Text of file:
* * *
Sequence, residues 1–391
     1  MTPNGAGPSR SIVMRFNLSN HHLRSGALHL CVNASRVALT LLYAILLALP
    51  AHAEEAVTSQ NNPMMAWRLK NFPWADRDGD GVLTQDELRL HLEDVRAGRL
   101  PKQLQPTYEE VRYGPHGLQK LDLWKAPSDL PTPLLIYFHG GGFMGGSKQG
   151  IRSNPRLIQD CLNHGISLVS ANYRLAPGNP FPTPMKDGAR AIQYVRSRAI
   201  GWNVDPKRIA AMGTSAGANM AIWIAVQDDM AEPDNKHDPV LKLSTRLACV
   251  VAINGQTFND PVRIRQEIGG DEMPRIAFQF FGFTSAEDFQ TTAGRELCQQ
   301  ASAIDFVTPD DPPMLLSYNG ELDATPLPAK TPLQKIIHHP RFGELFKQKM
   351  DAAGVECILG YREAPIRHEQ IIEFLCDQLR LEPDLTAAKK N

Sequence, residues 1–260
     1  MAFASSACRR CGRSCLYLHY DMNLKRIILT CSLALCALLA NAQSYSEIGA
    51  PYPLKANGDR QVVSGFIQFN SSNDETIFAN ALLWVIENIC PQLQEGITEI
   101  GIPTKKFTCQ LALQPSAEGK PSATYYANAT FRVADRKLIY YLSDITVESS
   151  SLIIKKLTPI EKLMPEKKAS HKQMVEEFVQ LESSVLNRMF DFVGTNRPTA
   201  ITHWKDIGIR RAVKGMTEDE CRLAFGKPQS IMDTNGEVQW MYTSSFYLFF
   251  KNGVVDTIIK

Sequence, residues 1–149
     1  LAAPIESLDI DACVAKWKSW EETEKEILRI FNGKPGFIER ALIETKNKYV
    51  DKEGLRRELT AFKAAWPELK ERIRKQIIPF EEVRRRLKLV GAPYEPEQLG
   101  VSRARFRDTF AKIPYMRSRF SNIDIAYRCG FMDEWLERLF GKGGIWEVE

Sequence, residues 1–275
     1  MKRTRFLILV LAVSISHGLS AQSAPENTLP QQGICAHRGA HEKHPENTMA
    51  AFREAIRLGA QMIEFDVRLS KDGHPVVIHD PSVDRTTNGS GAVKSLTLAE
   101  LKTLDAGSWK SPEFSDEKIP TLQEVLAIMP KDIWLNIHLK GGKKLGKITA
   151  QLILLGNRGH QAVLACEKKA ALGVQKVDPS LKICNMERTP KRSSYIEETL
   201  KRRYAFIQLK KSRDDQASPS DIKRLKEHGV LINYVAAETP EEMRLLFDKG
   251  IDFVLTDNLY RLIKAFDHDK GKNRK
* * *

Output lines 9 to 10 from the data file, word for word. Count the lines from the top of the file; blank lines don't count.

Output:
   351  DAAGVECILG YREAPIRHEQ IIEFLCDQLR LEPDLTAAKK N

Sequence, residues 1–260